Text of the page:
As a necessary corollary, the power to exempt from the provisions of the Act is not available to the State government even in case of intelligence and security organisations in respect of the information pertaining to the allegations of corruption and human rights violations. .... As all these particulars (sought by RTI applicant) would certainly relate to corruption, the Government Order has no application to the facts of this case.

Thereafter, the Division Bench upheld the order of the learned single Judge dismissing the writ petitions preferred by the Public Information Officer, the petitioner herein in refusing to furnish the information.

Manual is not secret document
Exemption organisations also need to give certain information under the Section 4. The Madras High Court stated that exempted organization shall comply with Section 4(1)(b)(v). In Superintendent of Police v. M. Kannappan, WP No 805/2012, D Hariparandhaman, J held on 28.12.2012, [2013(292) ELT 24 (Mad)] that a copy of the Vigilance Manual of the Directorate of Vigilance and Anti-Corruption is “information pertaining to corruption” and thus shall be shared. The Madras High Court explained:

The manual cannot be kept as a secret document. It is nothing but a set of rules as to how the DVAC is functioning. I am not able to understand as to why the DVAC feels shy to furnish the manual. ...Likewise, the public authorities shall maintain the rules, regulations, instructions, manuals and records for discharging their functions as contemplated under Section 4(1)(b)(v) of the RTI Act.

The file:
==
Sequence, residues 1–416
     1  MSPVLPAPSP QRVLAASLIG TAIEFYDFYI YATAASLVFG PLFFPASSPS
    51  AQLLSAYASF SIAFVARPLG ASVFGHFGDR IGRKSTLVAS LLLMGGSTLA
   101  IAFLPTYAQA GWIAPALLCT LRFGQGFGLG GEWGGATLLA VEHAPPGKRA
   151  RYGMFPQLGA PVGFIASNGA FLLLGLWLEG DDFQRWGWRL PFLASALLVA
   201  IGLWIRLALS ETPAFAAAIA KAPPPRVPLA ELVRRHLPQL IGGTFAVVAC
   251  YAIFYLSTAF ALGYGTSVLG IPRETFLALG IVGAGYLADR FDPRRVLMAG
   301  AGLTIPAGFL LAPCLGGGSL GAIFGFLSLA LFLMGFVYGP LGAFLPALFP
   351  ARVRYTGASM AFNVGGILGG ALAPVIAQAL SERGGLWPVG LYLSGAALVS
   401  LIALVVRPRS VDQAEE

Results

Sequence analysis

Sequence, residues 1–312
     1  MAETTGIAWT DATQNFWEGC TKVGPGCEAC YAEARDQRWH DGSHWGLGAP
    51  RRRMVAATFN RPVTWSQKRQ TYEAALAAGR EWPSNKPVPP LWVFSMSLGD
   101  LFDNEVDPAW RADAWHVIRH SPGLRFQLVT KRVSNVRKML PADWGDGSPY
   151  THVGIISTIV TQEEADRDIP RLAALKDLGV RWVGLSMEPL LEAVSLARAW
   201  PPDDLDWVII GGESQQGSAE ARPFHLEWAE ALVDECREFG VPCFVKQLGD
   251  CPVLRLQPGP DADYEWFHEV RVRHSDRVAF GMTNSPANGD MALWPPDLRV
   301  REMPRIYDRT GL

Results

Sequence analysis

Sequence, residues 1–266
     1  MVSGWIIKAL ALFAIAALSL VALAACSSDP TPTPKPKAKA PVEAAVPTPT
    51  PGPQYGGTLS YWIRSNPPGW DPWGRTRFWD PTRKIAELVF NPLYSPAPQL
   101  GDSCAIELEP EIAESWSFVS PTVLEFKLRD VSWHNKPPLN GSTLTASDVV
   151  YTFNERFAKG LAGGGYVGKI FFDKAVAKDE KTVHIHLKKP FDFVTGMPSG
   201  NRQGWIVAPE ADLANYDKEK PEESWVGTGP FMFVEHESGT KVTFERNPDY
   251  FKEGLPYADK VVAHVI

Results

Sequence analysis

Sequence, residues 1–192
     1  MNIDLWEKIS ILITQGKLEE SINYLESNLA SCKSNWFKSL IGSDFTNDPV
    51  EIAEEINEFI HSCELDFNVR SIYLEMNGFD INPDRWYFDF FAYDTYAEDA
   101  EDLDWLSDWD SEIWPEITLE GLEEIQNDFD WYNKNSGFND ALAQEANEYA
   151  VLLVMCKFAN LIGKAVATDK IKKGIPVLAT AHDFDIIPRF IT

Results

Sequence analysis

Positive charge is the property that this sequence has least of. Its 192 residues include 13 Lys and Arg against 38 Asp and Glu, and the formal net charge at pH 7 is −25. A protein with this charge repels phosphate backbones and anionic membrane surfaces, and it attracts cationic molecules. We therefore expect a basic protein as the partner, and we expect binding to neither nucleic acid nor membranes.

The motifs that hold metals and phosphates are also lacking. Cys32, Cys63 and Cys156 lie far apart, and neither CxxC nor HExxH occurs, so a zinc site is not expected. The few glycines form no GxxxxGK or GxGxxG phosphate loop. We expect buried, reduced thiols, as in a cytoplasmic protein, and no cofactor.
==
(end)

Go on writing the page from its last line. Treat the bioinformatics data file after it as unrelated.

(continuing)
Section 2 (f) "information"' means any material in any form, including records, documents, memos, e-mails, opinions, advices, press releases, circulars, orders logbooks, contracts, reports, papers, samples, models, data material held in any electronic form and information relating to any private body which can be accessed by a public authority under any other law for the time being in force.

On a cumulative reading of Sections 2(f), 4(1)(b)(v), 8 of along with provisos to Section 24(4), High Court viewed that the manual of DVAC need to be shared.